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So as you well know by now, I am obsessed by book covers. It’s all part of my obsession with books. Now I need your opinion on an upcoming cover. Just Breathe has a strong, sophisticated cover, clean and light, with a single evocative image:
Next hardcover is Lakeshore Christmas. Marketing-wise, this cover has a big job to do. It needs to straddle the line between a hardcover and the Lakeshore paperbacks. It needs to attract readers who have never heard of me but who might want to give it a try. It needs to be memorable. It currently looks like this:
The shot above is an early mockup that was sent. The title is wrong (no “A”) but the general idea is there. Next we saw the full jacket. I’m sure I don’t have to tell you what I think of Barkis’s star turn:
There are a couple of tweaks. The title script is nicer, I think, though my agent wanted my name bigger. There’s a #1 in front of “New York Times” which makes me proud and could be a selling point. I don’t love the text at the very top and hope they’ll move that. It looks cluttered, and remember, we want this to appeal to people who haven’t yet discovered the series, so it’s not much of a hook and might be off-putting to people who don’t want to read a book out of order.
The Lakeshore Chronicles have a “look”–small-town charm in miniature. In that sense, this cover works. It’s a pretty image, too. Reminds me of those little collectible Christmas villages. No complaints about that. The question is, will it stand out? When you view Just Breathe from across the bookstore, the image grabs your attention. The Christmas cover…maybe not. My concern–the eye doesn’t know where to go. To the couple on the bench? The gazebo? There isn’t something strong, standing out. Up against all the other books on the shelf, it might end up looking like wallpaper. At this point, it probably can’t be radically changed, but there could be some tweaking. My thought is maybe they could bring up the light around part of the image–maybe the gazebo and tree?–to give book browsers something to focus on. Better yet, it needs to look like something they want to take home with them. C’mon, put on your art-director hat and chime in.
Premise in fiction. Your undergrad English professor probably taught you a fancy definition for this concept, but every novelist will tell you this: The premise is the cool thing your book is about.
Simple, right? Like, a crazed fan holds an author hostage and forces him to write a novel (Misery by Stephen King). The lives and loves of best friends through the years (Light a Penny Candle by Maeve Binchy). A forbidden love that lasts a lifetime (The Thornbirds by Colleen McCullough). A Navy wife whose marriage is in crisis learns her husband is missing at sea (The Ocean Between Us by my favorite author).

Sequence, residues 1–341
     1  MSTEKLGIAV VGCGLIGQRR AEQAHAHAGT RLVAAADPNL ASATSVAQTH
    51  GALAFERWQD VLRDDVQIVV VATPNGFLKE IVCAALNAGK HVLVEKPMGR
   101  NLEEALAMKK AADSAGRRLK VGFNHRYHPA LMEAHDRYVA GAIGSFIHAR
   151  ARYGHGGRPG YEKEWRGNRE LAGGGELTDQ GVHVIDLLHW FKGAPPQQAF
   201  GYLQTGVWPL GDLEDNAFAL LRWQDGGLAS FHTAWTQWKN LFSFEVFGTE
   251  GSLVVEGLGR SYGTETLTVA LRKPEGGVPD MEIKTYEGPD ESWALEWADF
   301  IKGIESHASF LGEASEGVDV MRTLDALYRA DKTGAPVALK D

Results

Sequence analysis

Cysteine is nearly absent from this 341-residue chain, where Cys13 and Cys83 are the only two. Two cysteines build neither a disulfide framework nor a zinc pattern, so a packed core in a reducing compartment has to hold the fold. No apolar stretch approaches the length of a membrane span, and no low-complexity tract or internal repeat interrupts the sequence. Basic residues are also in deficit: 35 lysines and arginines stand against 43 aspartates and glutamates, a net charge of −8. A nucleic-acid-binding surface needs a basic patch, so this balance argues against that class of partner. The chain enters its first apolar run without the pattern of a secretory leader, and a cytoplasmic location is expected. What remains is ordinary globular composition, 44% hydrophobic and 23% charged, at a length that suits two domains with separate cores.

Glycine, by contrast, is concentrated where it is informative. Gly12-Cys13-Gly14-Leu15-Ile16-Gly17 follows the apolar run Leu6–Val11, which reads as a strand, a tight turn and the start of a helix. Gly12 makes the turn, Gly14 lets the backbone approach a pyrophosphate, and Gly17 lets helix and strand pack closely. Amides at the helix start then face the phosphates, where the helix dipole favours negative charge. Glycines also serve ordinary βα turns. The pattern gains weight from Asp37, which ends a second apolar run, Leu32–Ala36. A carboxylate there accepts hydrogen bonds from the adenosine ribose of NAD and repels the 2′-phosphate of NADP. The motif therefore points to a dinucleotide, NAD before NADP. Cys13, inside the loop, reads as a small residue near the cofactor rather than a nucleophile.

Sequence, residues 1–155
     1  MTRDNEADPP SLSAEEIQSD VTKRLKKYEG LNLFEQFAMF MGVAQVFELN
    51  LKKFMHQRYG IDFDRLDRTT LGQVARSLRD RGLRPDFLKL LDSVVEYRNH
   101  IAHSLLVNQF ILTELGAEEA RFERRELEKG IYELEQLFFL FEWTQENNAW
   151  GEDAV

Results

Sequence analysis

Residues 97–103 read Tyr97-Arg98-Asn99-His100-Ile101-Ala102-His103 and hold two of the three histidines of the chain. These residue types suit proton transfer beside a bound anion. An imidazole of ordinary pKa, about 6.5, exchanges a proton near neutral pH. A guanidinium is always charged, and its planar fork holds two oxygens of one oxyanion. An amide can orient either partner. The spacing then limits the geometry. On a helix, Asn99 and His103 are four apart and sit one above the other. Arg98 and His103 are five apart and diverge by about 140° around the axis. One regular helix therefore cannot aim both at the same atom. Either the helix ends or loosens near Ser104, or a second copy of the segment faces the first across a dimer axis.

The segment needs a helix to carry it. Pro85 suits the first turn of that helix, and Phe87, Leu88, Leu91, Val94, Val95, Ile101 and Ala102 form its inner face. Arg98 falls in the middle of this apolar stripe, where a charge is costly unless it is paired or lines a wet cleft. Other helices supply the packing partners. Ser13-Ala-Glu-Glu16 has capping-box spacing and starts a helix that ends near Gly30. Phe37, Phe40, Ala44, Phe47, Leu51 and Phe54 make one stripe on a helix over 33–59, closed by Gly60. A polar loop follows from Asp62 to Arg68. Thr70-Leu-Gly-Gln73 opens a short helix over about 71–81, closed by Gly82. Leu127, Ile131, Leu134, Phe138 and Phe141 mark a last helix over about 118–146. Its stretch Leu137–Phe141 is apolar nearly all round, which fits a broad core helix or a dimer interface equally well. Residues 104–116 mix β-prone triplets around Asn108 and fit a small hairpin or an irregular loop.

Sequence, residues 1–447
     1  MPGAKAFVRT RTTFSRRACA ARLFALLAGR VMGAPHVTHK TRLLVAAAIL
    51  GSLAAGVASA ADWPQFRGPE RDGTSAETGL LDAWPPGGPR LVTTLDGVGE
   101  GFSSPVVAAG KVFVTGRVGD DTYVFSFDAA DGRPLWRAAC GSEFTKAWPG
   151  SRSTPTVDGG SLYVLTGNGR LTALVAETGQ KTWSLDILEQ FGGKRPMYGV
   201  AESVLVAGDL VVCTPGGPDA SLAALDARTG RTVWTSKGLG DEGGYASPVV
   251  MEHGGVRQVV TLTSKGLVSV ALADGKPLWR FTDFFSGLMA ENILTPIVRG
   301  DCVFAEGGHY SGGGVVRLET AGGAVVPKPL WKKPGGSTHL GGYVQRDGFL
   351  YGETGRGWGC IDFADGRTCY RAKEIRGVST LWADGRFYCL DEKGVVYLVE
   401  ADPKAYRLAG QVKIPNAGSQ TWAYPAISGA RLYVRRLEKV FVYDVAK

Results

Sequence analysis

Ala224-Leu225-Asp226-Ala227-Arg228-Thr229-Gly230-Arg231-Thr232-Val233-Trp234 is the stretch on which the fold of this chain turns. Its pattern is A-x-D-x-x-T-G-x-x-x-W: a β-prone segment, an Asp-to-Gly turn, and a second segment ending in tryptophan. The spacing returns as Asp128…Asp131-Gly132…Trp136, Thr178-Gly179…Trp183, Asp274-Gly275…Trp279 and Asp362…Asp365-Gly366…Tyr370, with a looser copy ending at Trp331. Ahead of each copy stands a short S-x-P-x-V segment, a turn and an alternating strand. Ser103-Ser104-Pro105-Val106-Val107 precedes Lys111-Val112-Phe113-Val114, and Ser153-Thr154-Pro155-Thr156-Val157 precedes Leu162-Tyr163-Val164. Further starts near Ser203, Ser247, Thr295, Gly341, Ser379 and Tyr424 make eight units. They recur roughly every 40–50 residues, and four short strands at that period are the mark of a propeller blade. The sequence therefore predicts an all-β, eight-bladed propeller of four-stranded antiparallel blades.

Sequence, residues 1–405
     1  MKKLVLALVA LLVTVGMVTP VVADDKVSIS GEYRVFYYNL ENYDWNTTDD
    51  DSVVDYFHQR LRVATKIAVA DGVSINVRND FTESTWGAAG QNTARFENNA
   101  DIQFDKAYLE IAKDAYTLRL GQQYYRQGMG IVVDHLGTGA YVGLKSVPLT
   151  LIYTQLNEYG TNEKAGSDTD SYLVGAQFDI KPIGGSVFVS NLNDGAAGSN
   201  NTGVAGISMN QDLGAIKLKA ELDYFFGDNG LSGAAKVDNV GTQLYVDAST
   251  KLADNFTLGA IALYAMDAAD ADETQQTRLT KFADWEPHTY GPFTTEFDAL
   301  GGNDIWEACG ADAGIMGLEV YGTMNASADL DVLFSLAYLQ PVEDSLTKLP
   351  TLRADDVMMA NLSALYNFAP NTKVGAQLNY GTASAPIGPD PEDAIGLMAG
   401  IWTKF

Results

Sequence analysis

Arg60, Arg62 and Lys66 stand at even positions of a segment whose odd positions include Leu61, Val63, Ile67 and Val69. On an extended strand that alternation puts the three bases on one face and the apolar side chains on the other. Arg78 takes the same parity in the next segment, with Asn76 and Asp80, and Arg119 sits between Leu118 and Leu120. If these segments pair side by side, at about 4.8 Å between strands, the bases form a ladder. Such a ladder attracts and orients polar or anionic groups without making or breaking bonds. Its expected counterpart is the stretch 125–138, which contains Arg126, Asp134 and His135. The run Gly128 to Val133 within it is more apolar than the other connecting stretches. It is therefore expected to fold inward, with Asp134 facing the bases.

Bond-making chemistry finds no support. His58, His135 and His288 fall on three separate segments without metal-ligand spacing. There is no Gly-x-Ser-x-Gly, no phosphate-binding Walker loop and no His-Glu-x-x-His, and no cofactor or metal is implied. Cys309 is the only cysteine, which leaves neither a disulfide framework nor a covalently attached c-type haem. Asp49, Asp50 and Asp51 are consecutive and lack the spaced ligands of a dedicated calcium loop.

In The Art of Dramatic Writing (1977), Lajos Egri (who seems to have been obsessed with the concept of premise) states:
“Everything has a purpose, or premise. Every second of our life has its own premise, whether or not we are conscious of it at the time. That premise may be as simple as breathing or as complex as a vital emotional decision, but it is always there…Every good play must have a well-formulated premise…No idea, and no situation, was ever strong enough to carry you through to its logical conclusion without a clear-cut premise.”
I envy the writer who comes up with fantastic ideas again and again, using the same method–listening to music, going for a drive, staring out the window, reading the paper, brainstorming with a friend.
For me, coming up with a premise is like going shopping without knowing what you’re looking for. “I’ll know it when I find it,” you tell yourself. Figuring out exactly what “it” is can be all-consuming. All I know is that “it” will be the driving force that sends me on the longest walk in the world, every day for the next six months to a year–that deathly commute from the couch to the blank page. So “it” had better be good.
The funny thing is, the harder I try, the more elusive “it” becomes. I think myself into a dither. I fiddle with things. I “what-if” myself into a state of confusion. I go on personal quests in search of the Cool Thing.
Sometimes I get lucky. I might discover it as I take my dog for a walk on the beach. Suddenly, I might think, “a child with Aspergers.” And I’ll think about a writer friend of mine and his sweet son, who has this condition, and its curiously gentling effect on the father. Or I’ll be digging in the garden or Windexing the kitchen, two activities that any writer will tell you have enormous appeal when confronted with a blank page. Maybe “it” will smack me upside the head as I stand at the refrigerator with the door propped open, contemplating the merits of leftover mac-and-cheese for breakfast.
Then I’ll have to test the idea in a thousand ways, figuring out what the most compelling elements are. Where will the tension come from? What will the reader see on the page and how will I make myself–and then the reader–happy to be reading it?
For most books, my story premise is cobbled together the way a magpie gathers things for its nest, with a shiny object here, a twisty thread there. At some point, maybe while making a story collage, these seemingly disparate pieces will coalesce into the Great Thing I’ve been seeking, the thing that will consume me through the next year: IT.
How serious am I about nailing the premise of my next book? So serious, we’re having a meeting about it. I’m not kidding. I have a brain trust coming to my house today and we’re going to brainstorm our book premises all day long.
What’s a brain trust? Well, it’s my writers’ group plus the world’s best story consultant, Michael Hauge. Some of you might remember he has a lifelong connection to the place where I live–and I have a rockin’ private guest house. He’s ours for the day. We’re rolling up our sleeves…I’ll report in on our progress. Stay tuned….